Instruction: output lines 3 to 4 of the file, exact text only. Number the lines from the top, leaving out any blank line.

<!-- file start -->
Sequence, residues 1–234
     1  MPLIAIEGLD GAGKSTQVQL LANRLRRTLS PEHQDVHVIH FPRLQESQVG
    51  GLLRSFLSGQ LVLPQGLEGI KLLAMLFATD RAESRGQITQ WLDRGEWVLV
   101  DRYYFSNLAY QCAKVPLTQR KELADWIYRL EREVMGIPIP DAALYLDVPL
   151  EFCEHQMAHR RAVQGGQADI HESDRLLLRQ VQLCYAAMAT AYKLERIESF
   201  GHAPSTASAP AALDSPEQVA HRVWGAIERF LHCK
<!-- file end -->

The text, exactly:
    51  GLLRSFLSGQ LVLPQGLEGI KLLAMLFATD RAESRGQITQ WLDRGEWVLV
   101  DRYYFSNLAY QCAKVPLTQR KELADWIYRL EREVMGIPIP DAALYLDVPL